Three Democrats and a Funeral - The American Spectator | USA News and Politics
Three Democrats and a Funeral

HARRISBURG, Pa. — Hillary Clinton’s name was everywhere. But where was she?

In fact, this past Friday before Thanksgiving, when her name was on every cable news channel bannered as America’s soon-to-be announced next Secretary of State, the real Hillary was hiding in plain sight in the center of the known universe.

Here. Here as in Harrisburg, Pennsylvania. (You knew Harrisburg was the center of the known universe, right?)

No, I’m not kidding. And if you’re into the reading of political tea leaves (and if you belong to you perhaps should be), there was, quite possibly, something to learn.

Senator Clinton was a stone’s throw or so from my writing desk for a reason as once admirable as it was telling. Several days ago, Pennsylvania’s much loved Lieutenant Governor, 78-year-old Catherine Baker Knoll, succumbed to a brief, brutal bout with cancer. She was the first woman to hold the post, serving under governor and fellow Democrat Ed Rendell. More to the point, the Lieutenant Governor was a deeply regular and very Establishment Democrat. She spent decades fighting her way up the political ladder to the number two spot in state government without betraying a whisper of McGovernism or what we might call today She was nothing if not the uncontroversial, kindly, charming, motherly and later grandmotherly retail politician par excellence. As the Republican State Senate President (and, through a quirk in the state constitution, now her successor) noted in his eulogy, Knoll would get visibly disturbed at partisan fights on the State Senate floor while she was presiding, which she almost always was. Knoll had worked her way from bottom to almost the very top taking all the slings and arrows of politics in stride while winning the considerable bipartisan affection of both her fellow professional politicians and average citizens alike.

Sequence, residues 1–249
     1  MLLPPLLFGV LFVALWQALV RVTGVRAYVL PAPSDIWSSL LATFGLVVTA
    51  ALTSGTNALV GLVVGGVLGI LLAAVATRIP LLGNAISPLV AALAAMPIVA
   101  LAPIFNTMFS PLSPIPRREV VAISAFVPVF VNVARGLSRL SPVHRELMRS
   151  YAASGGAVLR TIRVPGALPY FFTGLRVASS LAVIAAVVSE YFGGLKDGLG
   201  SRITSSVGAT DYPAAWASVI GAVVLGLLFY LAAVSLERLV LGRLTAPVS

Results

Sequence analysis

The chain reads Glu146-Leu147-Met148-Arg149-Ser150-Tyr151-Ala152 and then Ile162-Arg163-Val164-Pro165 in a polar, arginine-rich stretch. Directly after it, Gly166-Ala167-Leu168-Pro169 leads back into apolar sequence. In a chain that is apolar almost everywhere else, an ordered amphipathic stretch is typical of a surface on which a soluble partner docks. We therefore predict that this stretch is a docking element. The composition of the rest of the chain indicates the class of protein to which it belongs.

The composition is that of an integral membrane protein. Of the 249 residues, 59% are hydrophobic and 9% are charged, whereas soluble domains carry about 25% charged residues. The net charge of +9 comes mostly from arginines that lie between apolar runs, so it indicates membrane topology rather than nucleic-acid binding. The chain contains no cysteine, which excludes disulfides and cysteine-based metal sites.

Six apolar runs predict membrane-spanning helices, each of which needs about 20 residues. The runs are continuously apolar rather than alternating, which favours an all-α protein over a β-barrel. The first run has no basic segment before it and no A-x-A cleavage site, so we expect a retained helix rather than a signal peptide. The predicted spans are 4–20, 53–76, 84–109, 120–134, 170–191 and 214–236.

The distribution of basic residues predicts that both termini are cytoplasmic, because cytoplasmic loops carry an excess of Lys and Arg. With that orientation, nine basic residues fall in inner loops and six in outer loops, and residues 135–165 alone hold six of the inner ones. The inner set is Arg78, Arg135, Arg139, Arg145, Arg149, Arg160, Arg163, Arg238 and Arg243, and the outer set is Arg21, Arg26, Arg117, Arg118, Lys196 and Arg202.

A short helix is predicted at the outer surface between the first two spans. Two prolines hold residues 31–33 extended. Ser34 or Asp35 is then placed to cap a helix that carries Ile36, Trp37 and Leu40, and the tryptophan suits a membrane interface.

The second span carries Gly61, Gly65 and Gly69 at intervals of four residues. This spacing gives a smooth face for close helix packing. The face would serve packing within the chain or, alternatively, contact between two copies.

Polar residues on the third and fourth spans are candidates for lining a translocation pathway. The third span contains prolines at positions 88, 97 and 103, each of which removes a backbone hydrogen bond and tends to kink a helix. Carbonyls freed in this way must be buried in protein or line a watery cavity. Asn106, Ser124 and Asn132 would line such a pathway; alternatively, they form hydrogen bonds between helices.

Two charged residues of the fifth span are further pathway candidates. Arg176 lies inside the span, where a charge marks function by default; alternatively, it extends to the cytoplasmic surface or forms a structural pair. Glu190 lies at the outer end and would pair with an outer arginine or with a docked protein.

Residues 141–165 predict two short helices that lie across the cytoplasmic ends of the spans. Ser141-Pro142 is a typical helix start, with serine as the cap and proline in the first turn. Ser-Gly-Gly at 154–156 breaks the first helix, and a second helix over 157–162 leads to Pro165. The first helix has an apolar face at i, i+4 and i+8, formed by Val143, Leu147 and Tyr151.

In truth, however, there are probably any number of politicians in the other 49 states who could probably match her devotion to her state and her constituents. The question is why did Senator Clinton, swept up in the drama of her impending shift from the Senate to the State Department, take the considerable time to come to Harrisburg to spend nationally unnoticed time front and center eulogizing, with two other Democrats, Catherine Baker Knoll?

Dick Morris may have a different, perhaps more cynical view. But let’s put cynicism aside. In the very hard fought Pennsylvania Democratic primary between President-elect Obama and his soon-to-be Secretary of State, Knoll was a huge supporter and asset to Clinton’s victory here. If you had ever been even a passing stranger to Knoll you had made a friend, and Knoll made sure her friends were Hillary’s friends.

But one had only to watch the locally televised funeral tableau taking place under the vividly picturesque dome of the state capitol to understand something else. Watching the three Democrats selected by the Knoll family to eulogize their mother and grandmother, it was a something else that should raise some eyebrows in the precincts of the MoveOn crowd in the dawning of the Obama era.